Astro Turf translates as artificial turf. Astroturfing involves pretending to be a grassroots movement, a movement from below that grows and grows. In this form of particularly non-transparent lobbying, „companies or associations that want to lobby undetected by the public, for example, hide behind the founding of supposed civic organizations,“ writes Lobbypedia.de.

So the (false) impression is to be created that it was a grassroots citizens* movement.

The beginnings of „Parents in Crisis

The roots of „Families in Crisis“ lie in April 2020, in the middle of the first lockdown in Germany. A few mothers with young children got together to found „Parents in Crisis“ (EidK). They created a Facebook group to find like-minded people: Moms and dads who were having trouble balancing a home office and childcare.

There were obviously many of them. After a few days, thousands of affected people gathered here. One of the founding members, Karline Wenzel, wrote after about two weeks, „Madness, we already have 10,000 members.“ Today, the Facebook group has about 14,000 members.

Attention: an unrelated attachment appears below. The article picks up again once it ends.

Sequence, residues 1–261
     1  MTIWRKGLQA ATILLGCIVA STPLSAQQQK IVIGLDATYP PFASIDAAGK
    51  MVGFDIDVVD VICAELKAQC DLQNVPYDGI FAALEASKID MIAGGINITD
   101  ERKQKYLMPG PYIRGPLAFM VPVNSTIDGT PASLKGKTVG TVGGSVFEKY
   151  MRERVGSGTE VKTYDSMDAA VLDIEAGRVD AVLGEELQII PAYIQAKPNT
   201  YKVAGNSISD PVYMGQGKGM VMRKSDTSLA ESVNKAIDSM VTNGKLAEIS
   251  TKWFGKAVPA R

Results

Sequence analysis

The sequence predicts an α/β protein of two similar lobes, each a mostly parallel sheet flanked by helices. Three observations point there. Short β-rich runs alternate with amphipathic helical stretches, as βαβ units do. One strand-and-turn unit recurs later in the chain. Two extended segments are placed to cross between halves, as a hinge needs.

EidK spokeswoman Wenzel, who recently became a self-employed „senior communications consultant“ and was previously a director at communications agency Kekst CNC, gathered a remarkable group of founding members around her from the start. „Friends,“ as she puts it. Six women, some noble, apparently very successful businesswomen, and all with young children.

On a zoom call with the federal minister

On May 7, 2020, less than three weeks after its founding, the group had direct access to a top politician. That’s when a Zoom call with Federal Family Minister Franziska Giffey (SPD) took place. On the same day, Giffey also had a Zoom conference with the newly founded „Kinder brauchen Kinder“ initiative. It is at least unusual that two hitherto completely unknown parent initiatives receive a meeting appointment with a federal minister.